And, I guess I’m going to finally have to read Tucker Max.

    All of this is merely to get a few clues as to style, but nothing changes the story and it’s all and only about the story. I intend to tell it well, with everything I’ve got.

    • Peggy the Primal Parent on June 12, 2011 at 20:22

      Have you read Sho Gun? Their is a whole lot of sex in that tome both between couples and between men and geisha, between lovers and between friends. The descriptions are in-depth enough to be erotic but still tasteful and beautiful.. The sexual relations of the men and women are real, very different from what we in this country deem acceptable.

      I’m excited o read your book. I expect it will be challenging and maybe even a little painful. I like that.

      • Richard Nikoley on June 12, 2011 at 21:29


        I’ve not read Shogun but have read a number of other Clavell works like Taipan, Noble House and my favorite of all: King Rat.

        This was back in the day, as they say.

    • Richard Nikoley on June 12, 2011 at 22:13

      And, so , Peggy, also…

      There’s a huge difference between various form of fiction and a true story. Fiction is easy story wise, but hard in the style. Non fiction is simple choices, as I see it. So:


      “Her skin was warm to the touch; her depth, moist. He caressed her dark corse hair as she was overcome with passion for the love she’d felt from him before, and he pleased her once again.”


      “She was so hot she had to have it. She’d had his love muscle before, but this was different. He grabbed her thick, black hair and pulled her head back, as he plunged his manhood into her dark and wet place.”

      My version, a part of the story I’ve not written, yet, so here’s a sample of basically what I’m up to, written on the fly:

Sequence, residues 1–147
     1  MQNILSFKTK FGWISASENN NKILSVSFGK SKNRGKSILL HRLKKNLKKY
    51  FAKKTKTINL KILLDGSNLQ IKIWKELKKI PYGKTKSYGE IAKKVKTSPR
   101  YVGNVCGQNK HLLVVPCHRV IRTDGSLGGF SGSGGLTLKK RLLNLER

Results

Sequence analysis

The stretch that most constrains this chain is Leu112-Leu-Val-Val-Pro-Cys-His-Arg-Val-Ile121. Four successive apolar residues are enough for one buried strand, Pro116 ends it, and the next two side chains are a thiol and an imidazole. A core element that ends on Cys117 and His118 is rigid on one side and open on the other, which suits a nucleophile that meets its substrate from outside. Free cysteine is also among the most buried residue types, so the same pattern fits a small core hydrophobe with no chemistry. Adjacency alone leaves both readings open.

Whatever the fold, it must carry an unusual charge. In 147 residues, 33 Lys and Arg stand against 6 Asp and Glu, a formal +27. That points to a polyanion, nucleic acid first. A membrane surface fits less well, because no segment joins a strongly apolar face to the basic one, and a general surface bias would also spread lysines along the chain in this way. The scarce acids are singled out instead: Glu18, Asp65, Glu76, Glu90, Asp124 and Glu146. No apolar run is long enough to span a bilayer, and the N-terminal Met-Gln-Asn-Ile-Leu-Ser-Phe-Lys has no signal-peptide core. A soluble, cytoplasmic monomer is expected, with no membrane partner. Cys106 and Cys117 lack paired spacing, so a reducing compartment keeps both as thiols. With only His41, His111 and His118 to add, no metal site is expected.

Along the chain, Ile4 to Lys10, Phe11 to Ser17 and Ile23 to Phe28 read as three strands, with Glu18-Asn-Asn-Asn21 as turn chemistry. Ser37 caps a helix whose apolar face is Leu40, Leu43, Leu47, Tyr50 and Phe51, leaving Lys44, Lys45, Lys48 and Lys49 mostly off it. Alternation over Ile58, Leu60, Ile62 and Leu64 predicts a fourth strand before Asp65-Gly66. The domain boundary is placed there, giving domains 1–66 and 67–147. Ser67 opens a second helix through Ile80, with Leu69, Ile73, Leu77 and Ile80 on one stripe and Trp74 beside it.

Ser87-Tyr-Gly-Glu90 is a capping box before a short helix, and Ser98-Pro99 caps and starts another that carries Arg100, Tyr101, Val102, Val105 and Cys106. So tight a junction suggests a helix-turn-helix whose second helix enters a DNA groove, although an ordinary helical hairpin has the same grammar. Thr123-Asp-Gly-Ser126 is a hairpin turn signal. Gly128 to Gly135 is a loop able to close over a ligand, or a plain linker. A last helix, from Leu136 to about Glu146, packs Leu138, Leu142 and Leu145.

“I came back from the market and I guess the mail had arrived. She was reading a letter. I knew from whom, right away. I dismissed it and occupied myself, trying not to look interested or even, as though I had even noticed. The rule of my stature was that I had no stature, at least that’s the idea that served me well. I was there because I always want her, almost no matter what and, I live by the rules I make for myself.

      “I didn’t have to pretend not to notice for very long because the evident disturbing nature of the letter motivated L1 to occupy herself with doing the dishes. As she scrubbed a knife with a sponge, she cut herself deeply.

      “The initial things get done in that situation. Then, I asked her to lay on the bed as I simply comforted her with no suggestion or hint of implication. Was I comforting her over the cut, or the letter? I made no effort to clear up any ambiguity that might have existed.

      “It’s hard to imagine that she believed I was comforting her over whatever displeasing news she received from the guy who held her heart but not the wondrous aspects of her physical being. That was my privilege and it was only a short time until she grabbed my neck and pulled my lips to hers.